How to

How to enable hibernate mode on a Mac

SmartSleep.prefPaneUnlike Windows, Mac OS doesn’t offer a hibernate or deep sleep mode – selecting Sleep from the Apple menu just puts a Mac into a low-power state (suspend to RAM) that, while quick to resume, still keeps the contents of memory in memory.

This isn’t much of a problem on a desktop Mac that’s plugged into the mains, but it is a problem for MacBooks that are being used on battery power.

A MacBook in sleep mode still draws power, which means if you close the lid (the standard way to trigger sleep mode on a MacBook) and put an unplugged MacBook aside for a few days, you may come back to a flat battery.

As it turns out, more recent MacBooks do actually enter a hybrid sleep mode when you close the lid. Apple calls it Safe Sleep (much like that used in Windows Vista) and the contents of memory are written to disk before the MacBook enters its low-power sleep state. This is an insurance policy for those times when leave a MacBook in sleep mode away from the mains until the battery runs flat. When you power on, the MacBook will still resume to where you left it, but it will take a little longer as it’s restoring data from disk rather than RAM.

So, if Mac OS already has a hibernate mode, why can’t it be activated manually? Well, it can… (more…)

How to make the Home & End keys on a Mac keyboard work like Home & End keys

doublecommandWhen you press the cursor keys, modified cursor keys (with [Shift], [Ctrl], and so on) or [Home] and [End] keys on a Windows PC, the on-screen cursor reacts in a consistent way when it’s in a block of text, no matter what application you’re using. Its behaviour is controlled at operating system level rather than individual application level, and this consistent behaviour is a sign of good user interface design.

Now I’m the last person to suggest that Windows is any kind of benchmark for good interface design – in fact one of the reasons I recently switched to a Mac was the UI horror of Windows Vista and Windows 7. And, of course, the Mac has a wonderfully consistent user interface that’s far more logical and intuitive than anything Microsoft has so far managed. Apart from its stupid cursor control. (more…)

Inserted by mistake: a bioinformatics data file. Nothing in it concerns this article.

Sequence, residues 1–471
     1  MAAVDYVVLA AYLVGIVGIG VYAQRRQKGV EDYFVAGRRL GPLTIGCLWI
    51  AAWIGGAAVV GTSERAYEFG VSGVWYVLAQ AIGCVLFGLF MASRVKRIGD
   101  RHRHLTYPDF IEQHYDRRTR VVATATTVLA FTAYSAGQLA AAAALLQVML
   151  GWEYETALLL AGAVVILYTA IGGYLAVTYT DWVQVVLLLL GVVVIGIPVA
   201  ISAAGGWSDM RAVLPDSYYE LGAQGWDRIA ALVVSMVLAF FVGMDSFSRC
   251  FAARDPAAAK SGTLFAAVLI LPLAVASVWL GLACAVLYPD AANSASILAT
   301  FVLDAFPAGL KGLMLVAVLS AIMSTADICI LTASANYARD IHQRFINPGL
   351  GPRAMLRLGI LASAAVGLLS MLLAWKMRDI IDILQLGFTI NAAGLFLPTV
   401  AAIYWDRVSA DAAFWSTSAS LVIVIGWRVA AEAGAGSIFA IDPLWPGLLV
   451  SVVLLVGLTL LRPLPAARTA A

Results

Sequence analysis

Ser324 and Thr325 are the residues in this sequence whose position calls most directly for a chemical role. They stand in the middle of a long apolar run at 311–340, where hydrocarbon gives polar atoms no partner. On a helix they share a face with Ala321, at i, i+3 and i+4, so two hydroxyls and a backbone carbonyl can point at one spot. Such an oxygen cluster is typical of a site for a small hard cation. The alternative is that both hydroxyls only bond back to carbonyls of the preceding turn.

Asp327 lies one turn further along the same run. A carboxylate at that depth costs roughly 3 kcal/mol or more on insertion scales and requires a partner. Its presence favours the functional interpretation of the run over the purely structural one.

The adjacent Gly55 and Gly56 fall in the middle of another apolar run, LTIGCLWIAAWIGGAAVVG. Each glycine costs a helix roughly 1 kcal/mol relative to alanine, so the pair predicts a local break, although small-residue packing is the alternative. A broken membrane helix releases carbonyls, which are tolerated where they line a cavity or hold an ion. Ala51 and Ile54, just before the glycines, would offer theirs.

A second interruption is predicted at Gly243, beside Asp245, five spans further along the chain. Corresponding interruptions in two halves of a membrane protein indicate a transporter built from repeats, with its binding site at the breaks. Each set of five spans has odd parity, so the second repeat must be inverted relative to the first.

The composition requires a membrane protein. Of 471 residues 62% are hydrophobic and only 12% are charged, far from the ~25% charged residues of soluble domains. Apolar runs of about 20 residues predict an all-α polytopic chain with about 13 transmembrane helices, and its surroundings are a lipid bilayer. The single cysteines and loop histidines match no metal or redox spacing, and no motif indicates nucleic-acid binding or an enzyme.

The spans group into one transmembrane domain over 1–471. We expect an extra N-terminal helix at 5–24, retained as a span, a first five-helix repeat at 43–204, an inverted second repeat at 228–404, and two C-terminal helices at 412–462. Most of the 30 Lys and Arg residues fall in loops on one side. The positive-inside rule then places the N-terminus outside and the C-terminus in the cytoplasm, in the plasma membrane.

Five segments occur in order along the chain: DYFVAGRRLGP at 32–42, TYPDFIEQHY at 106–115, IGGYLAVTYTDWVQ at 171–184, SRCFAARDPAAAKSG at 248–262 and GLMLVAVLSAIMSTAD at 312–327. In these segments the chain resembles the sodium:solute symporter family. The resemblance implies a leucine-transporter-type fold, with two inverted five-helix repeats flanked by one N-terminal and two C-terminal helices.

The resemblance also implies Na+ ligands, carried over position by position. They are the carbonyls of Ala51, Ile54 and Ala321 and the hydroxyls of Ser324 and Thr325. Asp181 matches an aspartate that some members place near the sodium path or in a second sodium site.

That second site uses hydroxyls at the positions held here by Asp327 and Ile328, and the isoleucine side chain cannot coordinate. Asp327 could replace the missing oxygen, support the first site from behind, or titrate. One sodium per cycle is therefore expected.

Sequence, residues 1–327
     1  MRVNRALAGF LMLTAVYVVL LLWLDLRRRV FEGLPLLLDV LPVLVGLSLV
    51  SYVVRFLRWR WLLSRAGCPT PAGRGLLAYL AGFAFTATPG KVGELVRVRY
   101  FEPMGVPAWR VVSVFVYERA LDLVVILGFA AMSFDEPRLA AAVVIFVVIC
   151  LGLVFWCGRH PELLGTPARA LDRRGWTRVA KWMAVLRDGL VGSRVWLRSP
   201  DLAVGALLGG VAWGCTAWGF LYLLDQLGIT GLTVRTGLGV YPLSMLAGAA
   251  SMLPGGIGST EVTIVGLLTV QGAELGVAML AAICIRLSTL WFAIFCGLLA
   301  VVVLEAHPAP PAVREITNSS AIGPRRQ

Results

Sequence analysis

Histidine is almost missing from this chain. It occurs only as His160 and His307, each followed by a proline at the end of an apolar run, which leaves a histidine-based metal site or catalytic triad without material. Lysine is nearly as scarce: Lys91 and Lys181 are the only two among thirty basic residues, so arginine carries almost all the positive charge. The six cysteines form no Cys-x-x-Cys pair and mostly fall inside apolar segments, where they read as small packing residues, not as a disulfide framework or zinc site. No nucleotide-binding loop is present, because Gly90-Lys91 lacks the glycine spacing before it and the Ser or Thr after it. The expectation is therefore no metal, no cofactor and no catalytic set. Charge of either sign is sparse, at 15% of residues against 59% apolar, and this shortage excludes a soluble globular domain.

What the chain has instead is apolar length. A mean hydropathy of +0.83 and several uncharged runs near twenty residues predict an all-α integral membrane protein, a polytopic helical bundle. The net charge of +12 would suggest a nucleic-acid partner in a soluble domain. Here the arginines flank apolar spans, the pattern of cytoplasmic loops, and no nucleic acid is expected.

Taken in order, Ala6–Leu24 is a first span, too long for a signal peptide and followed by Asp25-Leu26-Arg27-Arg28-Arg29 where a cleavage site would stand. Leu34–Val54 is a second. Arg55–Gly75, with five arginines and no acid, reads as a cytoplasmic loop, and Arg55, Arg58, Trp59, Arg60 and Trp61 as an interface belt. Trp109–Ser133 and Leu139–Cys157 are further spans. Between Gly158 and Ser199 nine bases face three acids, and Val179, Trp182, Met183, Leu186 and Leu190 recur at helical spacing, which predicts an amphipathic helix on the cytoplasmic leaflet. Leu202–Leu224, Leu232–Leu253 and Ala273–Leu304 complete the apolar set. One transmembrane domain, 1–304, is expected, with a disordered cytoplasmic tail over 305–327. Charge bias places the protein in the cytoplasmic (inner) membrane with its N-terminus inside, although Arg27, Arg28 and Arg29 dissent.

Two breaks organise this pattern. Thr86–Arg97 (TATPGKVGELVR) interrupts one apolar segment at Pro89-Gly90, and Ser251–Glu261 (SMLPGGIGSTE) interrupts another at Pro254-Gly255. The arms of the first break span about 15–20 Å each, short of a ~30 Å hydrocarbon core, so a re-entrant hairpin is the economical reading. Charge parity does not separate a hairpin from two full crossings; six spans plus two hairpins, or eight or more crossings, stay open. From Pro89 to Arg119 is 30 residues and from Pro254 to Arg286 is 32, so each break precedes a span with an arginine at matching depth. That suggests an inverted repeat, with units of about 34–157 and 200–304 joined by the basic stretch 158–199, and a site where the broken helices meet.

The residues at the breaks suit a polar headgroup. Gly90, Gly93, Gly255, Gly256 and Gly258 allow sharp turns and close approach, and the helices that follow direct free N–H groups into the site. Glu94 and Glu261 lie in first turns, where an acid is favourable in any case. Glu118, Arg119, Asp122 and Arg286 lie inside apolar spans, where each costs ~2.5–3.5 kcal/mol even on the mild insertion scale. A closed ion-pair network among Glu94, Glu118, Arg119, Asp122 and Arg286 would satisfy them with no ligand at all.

How to sync Google Contacts and Calendar with the iPhone using Google Mobile Sync

google-mobile-sync-00

Google now offers its own ExchangeSync service for smartphones called Google Sync for Mobile, which means you now now automatically synchronise your Google Account data with your handheld over Wi-Fi or a mobile data connection.

If you’re an iPhone or iPod Touch owner, this means you can now synchronise your Google Calendar and Contacts data with your device over-the-air – something that was only previously possible with an Apple MobileMe account, or your employer’s own Microsoft ExchangeSync server (if they have one).

Setting up Google Calendar and Contacts sync for the iPhone and iPod Touch is straightforward, but there are a few gotchas that can cause your iPhone to lose data if you’re not careful. (more…)

How to sync multiple iPhone calendars with Google

If you’ve recently set-up Google Mobile Sync to synchronise your Calendar and Contacts with your iPhone over-the-air, you may have noticed that only one Google Calendar is being synced. It is possible to set-up Google Mobile Sync to sync up to five calendars, though (the maximum the iPhone supports) – you just need to make a configuration change.

Google Mobile Sync can synchronise both personal and public/shared calendars – here’s how to do it. (more…)

Backup your iPhone contacts to Google with iTunes

If you want to use Google Mobile Sync to keep your iPhone synchronised with your Google Calendar and Contacts, you’ll have to backup any existing contacts on your iPhone first, otherwise Google Sync will delete them.

Fortunately, there is an easy way to do this and you can use iTunes to upload your contacts to your Google Contacts list. You can then set up Google Mobile Sync and sync those same contacts (along with any others) back to your iPhone. Here’s how. (more…)

How to display a Mac OS character map

mac-characters-paletteTyping a character that doesn’t have its own key on the keyboard is easy in Windows – you can just use the Windows Character Map tool. Mac OS doesn’t have a similar tool – or rather, it doesn’t have one that’s so easily accessible. There are a few options for quickly inserting symbols like ®, π and © into a document, though.

The easiest is to display the Mac OS Characters palette – just press [Command] + [Option] + [T], or [⌘] + [⌥] + [T]. You can then browse through various symbols and special characters, and simply double-click any one to insert it into your current document. (more…)

How to hide the Genre column in iTunes 8 for Windows and Mac OS

itunes-8-disable-genreiTunes 7 has a Preferences option to turn of the Genre column in the main window, iTunes 8 does not. This is very frustrating. I’m not in the least bit interested in seeing what genres are in my music library, and the Genre pane takes space away from the far more useful Artists and Albums pane.

So, here’s how to disable the iTunes Genre column, the hard way, for both Mac OS X and Windows. (more…)

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